A Place for Her Spoons

She traveled the world amassing a unique collection. Now her spoons have a home in Paterson.

One of the many spoons Bertha found in Egypt.

Photo by James Worrell

During last year’s holiday boutique at the Lambert Castle Museum in Paterson, home to local historic objects and documents, I happened upon a hallway filled with souvenir spoons. Lining the walls were glass cases of Scandinavian spoons, nautical spoons, African spoons, spoons made of animal bones, religious spoons and more. By most, the display might go unnoticed—but not by me, an avid spoon collector.

My affection for spoons began at age nine on a family trip to Iowa. I was looking at a T-shirt in a souvenir shop when the elderly shopkeeper approached. “You don’t want that, sweetie,” she said, then led me to a table of souvenir spoons. I picked out my first one, a small silver spoon with an image of Iowa native Mamie Doud Eisenhower.

Souvenir spoons grew popular with the birth of leisure tourism in Europe in the late 1800s. They were collected by the well traveled to remind them of the cities and famous landmarks they had seen. The onset of World War I put an end to that. Few people collect spoons now; these days, most travelers commemorate the places they’ve been with Instagram or Facebook posts.

The 250 spoons on display at the Lambert Castle Museum are a fraction of a collection of more than 5,400 pieces—the world’s largest spoon collection. They once belonged to Bertha Schaefer Koempel, who lived in Paterson as a girl and spent her adult life traveling with her husband. After she died in 1966, the entire collection was donated to the Passaic County Historical Society, based at Lambert Castle.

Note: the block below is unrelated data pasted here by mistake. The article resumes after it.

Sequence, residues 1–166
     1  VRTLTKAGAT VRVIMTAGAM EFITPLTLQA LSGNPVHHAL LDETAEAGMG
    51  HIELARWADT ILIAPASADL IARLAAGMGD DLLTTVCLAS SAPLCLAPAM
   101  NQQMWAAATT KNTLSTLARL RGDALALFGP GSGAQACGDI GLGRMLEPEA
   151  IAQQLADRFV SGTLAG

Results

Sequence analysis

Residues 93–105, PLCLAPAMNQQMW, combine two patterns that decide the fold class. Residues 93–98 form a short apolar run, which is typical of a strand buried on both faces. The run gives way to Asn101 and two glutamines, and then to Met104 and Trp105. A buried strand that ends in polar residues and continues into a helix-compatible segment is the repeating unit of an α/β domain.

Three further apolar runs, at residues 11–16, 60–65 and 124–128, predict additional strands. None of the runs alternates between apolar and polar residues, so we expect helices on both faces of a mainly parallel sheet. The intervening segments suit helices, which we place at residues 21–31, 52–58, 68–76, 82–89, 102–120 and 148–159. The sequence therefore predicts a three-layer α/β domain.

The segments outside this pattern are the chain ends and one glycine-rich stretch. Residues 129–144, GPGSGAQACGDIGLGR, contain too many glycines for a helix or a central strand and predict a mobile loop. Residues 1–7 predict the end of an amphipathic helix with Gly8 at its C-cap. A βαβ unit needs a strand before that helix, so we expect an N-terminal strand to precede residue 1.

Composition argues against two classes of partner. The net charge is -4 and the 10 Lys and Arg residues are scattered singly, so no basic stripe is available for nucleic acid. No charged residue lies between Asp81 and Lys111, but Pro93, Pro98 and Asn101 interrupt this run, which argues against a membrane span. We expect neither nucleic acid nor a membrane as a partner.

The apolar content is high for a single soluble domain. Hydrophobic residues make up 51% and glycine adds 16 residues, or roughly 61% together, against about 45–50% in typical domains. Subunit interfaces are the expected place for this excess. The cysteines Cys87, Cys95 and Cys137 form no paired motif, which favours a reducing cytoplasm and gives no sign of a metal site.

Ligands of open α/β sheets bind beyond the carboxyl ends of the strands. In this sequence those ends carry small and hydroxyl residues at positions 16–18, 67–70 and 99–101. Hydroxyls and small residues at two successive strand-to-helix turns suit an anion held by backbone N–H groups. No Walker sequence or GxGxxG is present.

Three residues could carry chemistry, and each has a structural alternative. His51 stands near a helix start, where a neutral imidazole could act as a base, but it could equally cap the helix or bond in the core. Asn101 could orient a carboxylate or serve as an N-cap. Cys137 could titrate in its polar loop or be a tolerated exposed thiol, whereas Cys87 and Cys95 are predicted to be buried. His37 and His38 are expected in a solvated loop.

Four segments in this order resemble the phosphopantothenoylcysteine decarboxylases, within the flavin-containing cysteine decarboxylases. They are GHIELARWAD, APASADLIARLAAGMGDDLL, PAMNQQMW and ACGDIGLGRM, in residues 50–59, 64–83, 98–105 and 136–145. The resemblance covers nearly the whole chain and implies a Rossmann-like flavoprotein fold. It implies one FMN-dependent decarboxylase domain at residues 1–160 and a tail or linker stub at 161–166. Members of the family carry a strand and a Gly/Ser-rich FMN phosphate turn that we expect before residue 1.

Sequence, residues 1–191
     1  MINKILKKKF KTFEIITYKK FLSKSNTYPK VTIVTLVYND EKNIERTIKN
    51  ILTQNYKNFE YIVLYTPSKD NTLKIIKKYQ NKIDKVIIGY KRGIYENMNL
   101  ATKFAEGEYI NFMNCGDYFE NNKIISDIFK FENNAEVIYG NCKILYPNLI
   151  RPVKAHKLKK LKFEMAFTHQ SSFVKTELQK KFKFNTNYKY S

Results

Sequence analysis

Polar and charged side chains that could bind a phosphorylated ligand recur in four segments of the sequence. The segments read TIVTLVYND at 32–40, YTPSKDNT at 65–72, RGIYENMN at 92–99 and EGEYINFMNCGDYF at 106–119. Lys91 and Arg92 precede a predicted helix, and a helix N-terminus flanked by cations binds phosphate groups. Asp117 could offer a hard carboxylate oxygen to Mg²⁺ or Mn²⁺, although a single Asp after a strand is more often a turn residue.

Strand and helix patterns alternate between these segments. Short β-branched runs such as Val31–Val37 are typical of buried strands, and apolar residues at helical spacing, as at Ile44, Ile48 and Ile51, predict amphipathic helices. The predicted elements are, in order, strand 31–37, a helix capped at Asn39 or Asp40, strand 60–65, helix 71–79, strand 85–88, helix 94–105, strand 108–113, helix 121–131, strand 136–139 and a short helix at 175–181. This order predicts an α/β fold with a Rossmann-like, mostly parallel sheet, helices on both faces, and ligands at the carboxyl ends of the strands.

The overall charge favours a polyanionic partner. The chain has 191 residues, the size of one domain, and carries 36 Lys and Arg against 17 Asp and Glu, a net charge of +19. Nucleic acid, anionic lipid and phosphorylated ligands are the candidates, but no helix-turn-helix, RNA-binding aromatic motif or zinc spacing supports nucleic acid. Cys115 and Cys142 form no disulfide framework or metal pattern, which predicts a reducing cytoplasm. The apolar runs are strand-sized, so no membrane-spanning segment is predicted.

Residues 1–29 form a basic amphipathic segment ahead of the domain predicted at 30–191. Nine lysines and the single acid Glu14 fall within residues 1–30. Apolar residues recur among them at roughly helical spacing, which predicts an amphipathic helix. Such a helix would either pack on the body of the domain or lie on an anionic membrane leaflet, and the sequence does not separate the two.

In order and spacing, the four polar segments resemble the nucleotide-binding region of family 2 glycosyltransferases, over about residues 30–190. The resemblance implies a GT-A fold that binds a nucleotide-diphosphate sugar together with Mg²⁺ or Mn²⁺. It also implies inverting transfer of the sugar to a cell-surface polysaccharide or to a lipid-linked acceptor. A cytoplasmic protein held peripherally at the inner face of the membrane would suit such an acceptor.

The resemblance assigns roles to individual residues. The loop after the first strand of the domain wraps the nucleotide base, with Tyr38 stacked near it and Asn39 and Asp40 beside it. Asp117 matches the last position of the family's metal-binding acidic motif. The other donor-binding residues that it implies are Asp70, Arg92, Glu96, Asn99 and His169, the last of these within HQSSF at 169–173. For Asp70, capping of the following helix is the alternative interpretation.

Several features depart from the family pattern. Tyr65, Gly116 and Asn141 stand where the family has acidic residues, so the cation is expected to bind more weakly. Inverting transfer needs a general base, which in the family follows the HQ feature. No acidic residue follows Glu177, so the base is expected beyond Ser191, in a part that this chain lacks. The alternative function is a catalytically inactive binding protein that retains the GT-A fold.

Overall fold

Months after I first stumbled upon the spoons, the museum’s curator, Heather Garside, gave me a peek at Bertha’s complete collection. I was excited to discover spoons from destinations in my own collection: Prince Edward Island; Verona, Italy; Mainz, Germany. Bertha collected spoons from as far away as Persia, Turkey and Japan. Egypt is represented on a metal spoon with a hand-painted camel in its bowl and a Sphinx on its stem.

Bertha’s spoons provide a glimpse into the ways people used to travel domestically. She owned spoons from resort destinations in upstate New York, like the Catskills and Lake Placid, and dozens from California. I was surprised to find many New Jersey towns represented, including Asbury Park, Lakewood, Atlantic City, Newark, Summit, Red Bank and Morristown.

Bertha also had spoons adorned with portraits of historic figures like Joan of Arc and Napoleon. She had enamel spoons, astrological-sign spoons, even carved wooden spoons that she likely never cooked with.

To date, my collection consists of only 52 spoons. Jersey is represented with one from Ocean City. My favorites are from overseas destinations like Vienna, Alsace and Valladolid. I especially value the spoon I found in Brussels with the city’s Manneken Pis—the iconic statue of a naked boy peeing into a fountain—on its handle.

My collection continues to grow as I travel. Now I have to wonder: Will my spoons ever have a home like Bertha’s?

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